Long-term care insurance: Start small and build
Advisers need to approach the topic of long-term care the way most people approach old age: They have to ease into it.
Don't immediately launch into a conversation about nursing homes and present clients with options for comprehensive – and therefore expensive – long-term care insurance. The sticker shock will scare them and "everything shuts down for them," said Nationwide's Roberta Eckert during a product showcase at the BISA convention on Thursday.
Eckert, a vice president in Nationwide's Retirement Institute, urged attendees to instead start with a basic level of care, such as home health care.
"Start small and begin to build from there instead of starting big and scaling back," she said.
For many people, insuring for the basics of home health care "might be enough to keep the wolves from the door" and "keep their portfolio from being depleted," she said.
Once clients are comfortable with their home health care coverage, they will be more open to insuring for the cost of assisted living facilities and nursing homes, according to Eckert.
Eckert encouraged advisers to get their clients' views on what kind of legacy they want to leave to their children. If they want to leave a big legacy, long-term care insurance becomes "a bigger component" because the objective of an insurance policy is to keep their assets from being depleted, Eckert said.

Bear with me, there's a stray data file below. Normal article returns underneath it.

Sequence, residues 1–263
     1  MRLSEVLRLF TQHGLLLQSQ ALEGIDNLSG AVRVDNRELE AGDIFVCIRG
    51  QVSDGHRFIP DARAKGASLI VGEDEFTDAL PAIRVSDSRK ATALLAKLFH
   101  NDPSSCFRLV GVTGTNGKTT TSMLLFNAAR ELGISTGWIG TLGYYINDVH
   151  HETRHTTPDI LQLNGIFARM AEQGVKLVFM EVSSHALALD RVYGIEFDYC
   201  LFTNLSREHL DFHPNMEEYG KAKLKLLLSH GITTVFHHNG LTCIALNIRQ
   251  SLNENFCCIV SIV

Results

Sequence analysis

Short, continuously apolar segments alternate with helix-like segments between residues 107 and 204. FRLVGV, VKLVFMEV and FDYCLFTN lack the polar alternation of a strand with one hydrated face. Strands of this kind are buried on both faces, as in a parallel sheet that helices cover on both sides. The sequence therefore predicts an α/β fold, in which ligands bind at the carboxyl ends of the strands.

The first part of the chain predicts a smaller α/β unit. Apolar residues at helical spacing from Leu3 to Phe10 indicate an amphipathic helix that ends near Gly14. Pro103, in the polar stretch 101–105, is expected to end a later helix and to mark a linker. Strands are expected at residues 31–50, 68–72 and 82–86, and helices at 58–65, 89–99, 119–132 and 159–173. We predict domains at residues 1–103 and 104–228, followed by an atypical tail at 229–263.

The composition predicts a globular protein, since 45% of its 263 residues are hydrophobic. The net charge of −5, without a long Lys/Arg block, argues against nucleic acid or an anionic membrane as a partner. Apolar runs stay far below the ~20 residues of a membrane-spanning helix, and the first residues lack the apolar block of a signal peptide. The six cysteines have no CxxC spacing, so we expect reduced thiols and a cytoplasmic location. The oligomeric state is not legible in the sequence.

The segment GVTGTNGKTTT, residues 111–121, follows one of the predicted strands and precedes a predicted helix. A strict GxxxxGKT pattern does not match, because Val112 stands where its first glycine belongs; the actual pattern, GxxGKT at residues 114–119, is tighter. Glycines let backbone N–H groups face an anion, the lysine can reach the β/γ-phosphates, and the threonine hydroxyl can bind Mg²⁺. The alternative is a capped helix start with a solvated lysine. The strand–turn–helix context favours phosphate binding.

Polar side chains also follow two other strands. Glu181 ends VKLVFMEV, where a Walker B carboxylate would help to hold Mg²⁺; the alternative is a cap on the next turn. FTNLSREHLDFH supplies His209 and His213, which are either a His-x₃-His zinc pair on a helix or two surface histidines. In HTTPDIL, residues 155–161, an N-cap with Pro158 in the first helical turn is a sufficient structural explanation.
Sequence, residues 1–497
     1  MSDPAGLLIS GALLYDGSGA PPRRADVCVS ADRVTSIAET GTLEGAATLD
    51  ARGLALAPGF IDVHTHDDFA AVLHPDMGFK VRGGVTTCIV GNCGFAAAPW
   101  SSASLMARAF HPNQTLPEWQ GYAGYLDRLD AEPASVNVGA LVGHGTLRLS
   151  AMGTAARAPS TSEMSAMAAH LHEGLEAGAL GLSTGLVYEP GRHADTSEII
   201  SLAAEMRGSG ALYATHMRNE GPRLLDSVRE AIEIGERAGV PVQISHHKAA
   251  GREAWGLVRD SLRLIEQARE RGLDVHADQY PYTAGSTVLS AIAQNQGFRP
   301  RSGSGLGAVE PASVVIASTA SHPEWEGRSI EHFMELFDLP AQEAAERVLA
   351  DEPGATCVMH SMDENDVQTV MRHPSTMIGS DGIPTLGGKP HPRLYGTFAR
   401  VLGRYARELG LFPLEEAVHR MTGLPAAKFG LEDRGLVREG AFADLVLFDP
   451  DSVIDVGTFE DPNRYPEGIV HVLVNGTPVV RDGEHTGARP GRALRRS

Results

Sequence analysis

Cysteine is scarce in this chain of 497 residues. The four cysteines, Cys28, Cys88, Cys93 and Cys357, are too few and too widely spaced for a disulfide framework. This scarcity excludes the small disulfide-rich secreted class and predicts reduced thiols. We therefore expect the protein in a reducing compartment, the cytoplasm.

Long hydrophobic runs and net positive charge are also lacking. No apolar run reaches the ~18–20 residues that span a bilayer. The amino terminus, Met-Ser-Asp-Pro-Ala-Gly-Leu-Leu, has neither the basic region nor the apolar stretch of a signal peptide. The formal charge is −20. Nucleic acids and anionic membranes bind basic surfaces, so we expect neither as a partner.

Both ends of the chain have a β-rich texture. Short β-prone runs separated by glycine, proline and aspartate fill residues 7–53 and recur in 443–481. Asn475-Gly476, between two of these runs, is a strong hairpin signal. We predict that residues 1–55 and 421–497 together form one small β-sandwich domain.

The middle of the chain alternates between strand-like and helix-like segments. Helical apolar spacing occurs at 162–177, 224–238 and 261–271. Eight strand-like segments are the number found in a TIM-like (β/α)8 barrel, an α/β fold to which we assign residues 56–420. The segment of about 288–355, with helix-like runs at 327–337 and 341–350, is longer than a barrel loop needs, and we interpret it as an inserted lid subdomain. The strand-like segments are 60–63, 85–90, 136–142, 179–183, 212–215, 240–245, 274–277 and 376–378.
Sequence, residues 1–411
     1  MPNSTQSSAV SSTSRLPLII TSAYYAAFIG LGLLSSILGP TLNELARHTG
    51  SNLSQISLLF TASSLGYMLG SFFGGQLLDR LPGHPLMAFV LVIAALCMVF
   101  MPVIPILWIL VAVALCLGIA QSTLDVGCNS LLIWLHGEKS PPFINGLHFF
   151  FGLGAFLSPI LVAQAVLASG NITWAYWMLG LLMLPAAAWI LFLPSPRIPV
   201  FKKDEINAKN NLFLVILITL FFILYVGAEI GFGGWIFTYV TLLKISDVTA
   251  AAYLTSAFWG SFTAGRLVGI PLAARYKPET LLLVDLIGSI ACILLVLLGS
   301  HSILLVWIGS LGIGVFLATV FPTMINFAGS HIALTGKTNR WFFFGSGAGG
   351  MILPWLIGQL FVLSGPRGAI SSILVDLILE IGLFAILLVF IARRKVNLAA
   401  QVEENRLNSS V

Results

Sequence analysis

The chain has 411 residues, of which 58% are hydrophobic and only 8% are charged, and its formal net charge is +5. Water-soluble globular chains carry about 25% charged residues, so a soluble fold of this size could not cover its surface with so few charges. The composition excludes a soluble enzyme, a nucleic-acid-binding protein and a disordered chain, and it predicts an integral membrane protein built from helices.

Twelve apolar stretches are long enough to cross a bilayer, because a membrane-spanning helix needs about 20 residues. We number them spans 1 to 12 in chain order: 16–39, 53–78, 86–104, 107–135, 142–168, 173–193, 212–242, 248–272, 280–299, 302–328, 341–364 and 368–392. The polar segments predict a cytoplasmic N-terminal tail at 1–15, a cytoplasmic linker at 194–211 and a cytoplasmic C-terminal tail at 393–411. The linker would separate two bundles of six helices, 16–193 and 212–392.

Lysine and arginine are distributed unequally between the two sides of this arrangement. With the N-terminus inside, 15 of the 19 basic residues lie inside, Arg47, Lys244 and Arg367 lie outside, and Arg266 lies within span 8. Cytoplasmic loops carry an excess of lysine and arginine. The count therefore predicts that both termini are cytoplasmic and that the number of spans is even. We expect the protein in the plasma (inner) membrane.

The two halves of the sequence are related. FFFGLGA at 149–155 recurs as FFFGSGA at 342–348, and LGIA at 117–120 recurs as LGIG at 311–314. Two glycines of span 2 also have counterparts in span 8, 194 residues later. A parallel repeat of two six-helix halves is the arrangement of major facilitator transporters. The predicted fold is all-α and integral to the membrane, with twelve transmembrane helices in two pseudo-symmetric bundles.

They should also ask their clients it they want their children to provide their care or merely manage their care. Many clients don't want to burden their children with taking care of them as they age and become frail. They would rather pay for outside help and have the children manage the caretakers.
In such a situation, clients are willing to leave their children less money, Eckert said.
Eckert urged advisers to think of ways that long-term care insurance can be funded before broaching the topic with clients. "Before you have the meeting, find out how you're going to solve for that problem," she said.
Advisers should look for "sleeping" or "lazy" assets, such as CDs and IRAs and annuities that aren't needed for retirement income.
"Try and solve that before they get in the door because long-term care isn't something that they always think they need," Eckert said.